When I immigrated to Haifa six years ago at the age of fifty nine, I was concerned about learning a new language, making friends, adjusting to a new culture and eating properly. Food was almost certainly my primary source of anxiety.


My fears were quickly removed. Israel has most American cuisine and much more to offer citizens and visitors. Bagel is a household name and in this day and age most Americans find that bagel and cream cheese is almost as common as mum and apple pie. Bagels and cream cheese are standing dining fares in many Israeli cafes. Smoked salmon is available but somewhat more difficult to find. Pizza Hut, McDonald’s, Burger King and Dominoes are an integral part of Israeli society. For those of us who can’t live without a Big Mac or Pizza Hut, don’t worry-be happy! Whilst the Hebrew language may date back five thousand years, the most universal words in this land seem to be ‘Shalom’ and ‘Pizza please’!

One of the wonderful things about living in a multicultural society like Israel is that there are many distinctive types of menus on offer. It is also common to sit at an eatery and to share dinner and conversation with people from a myriad of backgrounds in several languages. I am sitting at my favorite cafe, the Kapiot, listening to fellow diners conversing in Hebrew, Arabic, English, and Russian. The cafe is located in the Mercaz or center neighborhood or our city. The Baha’i Gardens is located a few hundred meters from here. Therefore, the neighborhood is filled with upscale hotels, a complete variety of restaurant choices, and numerous food stores.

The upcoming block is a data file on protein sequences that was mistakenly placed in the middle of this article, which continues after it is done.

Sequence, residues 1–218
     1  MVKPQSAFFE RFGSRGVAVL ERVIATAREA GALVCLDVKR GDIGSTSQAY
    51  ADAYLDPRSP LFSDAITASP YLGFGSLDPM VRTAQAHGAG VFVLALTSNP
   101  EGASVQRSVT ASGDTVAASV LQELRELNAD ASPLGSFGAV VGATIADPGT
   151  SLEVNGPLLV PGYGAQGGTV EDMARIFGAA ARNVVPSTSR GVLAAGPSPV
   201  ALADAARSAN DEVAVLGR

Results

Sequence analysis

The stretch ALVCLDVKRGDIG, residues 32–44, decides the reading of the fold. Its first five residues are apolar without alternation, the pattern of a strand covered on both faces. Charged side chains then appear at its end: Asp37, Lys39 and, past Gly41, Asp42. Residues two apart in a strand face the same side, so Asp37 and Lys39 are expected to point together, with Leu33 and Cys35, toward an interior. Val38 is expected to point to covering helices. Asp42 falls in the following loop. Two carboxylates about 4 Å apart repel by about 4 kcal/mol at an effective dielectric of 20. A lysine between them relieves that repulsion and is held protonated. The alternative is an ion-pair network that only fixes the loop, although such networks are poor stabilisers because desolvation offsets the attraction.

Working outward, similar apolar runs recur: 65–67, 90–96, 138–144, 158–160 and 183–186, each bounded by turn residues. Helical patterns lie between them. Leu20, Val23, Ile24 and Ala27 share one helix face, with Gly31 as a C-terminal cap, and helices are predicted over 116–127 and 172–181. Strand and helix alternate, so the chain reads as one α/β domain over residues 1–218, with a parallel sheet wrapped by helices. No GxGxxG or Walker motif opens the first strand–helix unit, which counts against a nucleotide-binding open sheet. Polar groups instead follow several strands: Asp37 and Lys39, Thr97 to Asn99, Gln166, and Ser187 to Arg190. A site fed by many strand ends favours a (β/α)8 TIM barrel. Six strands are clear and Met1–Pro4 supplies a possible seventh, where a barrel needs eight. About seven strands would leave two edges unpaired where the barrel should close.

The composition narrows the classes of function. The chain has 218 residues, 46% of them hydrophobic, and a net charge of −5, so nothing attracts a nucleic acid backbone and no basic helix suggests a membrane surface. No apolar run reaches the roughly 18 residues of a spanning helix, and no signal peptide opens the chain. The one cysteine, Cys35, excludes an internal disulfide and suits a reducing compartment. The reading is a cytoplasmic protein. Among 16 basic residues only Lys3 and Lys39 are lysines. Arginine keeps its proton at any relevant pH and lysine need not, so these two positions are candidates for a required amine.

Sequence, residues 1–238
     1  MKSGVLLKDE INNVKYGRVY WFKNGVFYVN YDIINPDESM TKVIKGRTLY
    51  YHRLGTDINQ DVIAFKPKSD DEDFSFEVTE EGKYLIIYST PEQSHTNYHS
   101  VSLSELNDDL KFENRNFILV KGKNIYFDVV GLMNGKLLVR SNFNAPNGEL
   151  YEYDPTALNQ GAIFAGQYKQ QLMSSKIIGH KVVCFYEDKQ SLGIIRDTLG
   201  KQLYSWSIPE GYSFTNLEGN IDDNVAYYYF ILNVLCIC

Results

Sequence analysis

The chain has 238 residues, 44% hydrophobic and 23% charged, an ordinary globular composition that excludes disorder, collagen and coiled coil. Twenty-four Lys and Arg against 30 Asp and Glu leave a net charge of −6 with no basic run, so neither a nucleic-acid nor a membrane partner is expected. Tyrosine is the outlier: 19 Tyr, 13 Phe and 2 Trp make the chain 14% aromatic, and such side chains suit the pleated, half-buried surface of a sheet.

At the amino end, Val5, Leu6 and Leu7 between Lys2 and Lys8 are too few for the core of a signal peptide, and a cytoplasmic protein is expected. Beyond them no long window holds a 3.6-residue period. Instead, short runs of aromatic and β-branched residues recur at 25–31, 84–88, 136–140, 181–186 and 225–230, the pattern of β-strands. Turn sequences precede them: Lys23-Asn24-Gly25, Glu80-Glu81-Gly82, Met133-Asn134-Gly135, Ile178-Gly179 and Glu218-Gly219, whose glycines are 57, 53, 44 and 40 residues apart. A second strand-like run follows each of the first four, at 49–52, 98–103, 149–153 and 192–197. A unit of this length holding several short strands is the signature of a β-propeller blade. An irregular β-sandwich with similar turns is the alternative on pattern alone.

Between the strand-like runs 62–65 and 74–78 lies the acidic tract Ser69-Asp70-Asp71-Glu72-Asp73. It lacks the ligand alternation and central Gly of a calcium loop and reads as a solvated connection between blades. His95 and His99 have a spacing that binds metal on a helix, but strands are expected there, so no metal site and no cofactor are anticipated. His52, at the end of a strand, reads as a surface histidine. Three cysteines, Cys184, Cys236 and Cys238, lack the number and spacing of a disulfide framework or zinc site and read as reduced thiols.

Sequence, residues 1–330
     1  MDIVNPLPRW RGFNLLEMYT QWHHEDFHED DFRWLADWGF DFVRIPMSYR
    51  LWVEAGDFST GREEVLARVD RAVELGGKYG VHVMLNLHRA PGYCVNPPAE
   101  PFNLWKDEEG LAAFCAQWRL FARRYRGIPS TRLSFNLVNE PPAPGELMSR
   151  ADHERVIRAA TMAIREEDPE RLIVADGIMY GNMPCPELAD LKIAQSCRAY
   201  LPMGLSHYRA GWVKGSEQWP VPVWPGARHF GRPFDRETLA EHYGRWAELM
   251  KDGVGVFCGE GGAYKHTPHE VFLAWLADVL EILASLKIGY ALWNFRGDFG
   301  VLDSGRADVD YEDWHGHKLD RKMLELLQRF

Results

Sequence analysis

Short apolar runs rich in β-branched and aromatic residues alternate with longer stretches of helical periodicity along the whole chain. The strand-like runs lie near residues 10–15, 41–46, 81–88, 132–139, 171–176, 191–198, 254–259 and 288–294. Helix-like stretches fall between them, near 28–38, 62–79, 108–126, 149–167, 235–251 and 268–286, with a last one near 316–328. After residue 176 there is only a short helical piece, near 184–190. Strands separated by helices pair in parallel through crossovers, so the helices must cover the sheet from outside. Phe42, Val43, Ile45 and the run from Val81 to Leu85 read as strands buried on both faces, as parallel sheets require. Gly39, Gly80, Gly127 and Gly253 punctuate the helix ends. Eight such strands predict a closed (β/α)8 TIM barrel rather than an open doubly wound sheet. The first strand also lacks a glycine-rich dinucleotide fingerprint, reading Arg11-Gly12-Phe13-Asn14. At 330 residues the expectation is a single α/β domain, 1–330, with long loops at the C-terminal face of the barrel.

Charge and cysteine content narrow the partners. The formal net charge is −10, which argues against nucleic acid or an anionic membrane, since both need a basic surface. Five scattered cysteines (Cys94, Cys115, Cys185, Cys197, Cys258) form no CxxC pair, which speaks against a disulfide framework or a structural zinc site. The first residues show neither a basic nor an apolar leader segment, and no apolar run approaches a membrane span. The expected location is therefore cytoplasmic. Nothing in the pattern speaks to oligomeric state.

The Israeli diet is rich in vegetables, fruit, salads, and dairy products. The staples of the Israeli diet are humus, falafel, and Israeli salad. Humus and falafel are chickpea products. Humus is a paste like form of chickpea usually eaten with pita bread. Falafel is chickpea formed into small balls, fried, and eaten in a pita bread as a sandwich. Both are eaten with or without vegetables and several possible sauces. Israeli salad is a combination of tomatoes, cucumbers, onions, and parsley, served with Israeli salad dressing, a combination of salt, lemon and olive oil. These culinary treats are now enjoyed throughout the world.

Israelis enjoy a barbecue at least once a month. Lamb kebab, chicken breasts, beef flanks, and shawarma or roasted lamb are the favorite meat choices. Yes! Israelis like a cold beer, a glass of wine, and even Jack Daniels. The balmy climate and abundance of parks allow Haifa residents to enjoy their outings throughout much of the year.

Haifa is a sea front community that offers you the choice of dining in modern western style malls or traditional culinary spots. We have a taiyelet or boardwalk lined with cafes and food stands. There is dining on the seashore with the Mediterranean as an aesthetic backdrop. Due to the nature of the Israeli diet, food costs are often lower than in the United States. American style grocery stores abound in Israel, as do small local shops and the shuks or outdoor markets. The larger grocery stores do carry American canned and packaged products such as Oreos and Campbell’s soup. They also offer non-grocery items such as health care products, beauty aids and clothing. Most stores and restaurants in Israel accept major credit cards although some accept only those issued in Israel. Most Tourist Bureaus offer a comprehensive list of local dining.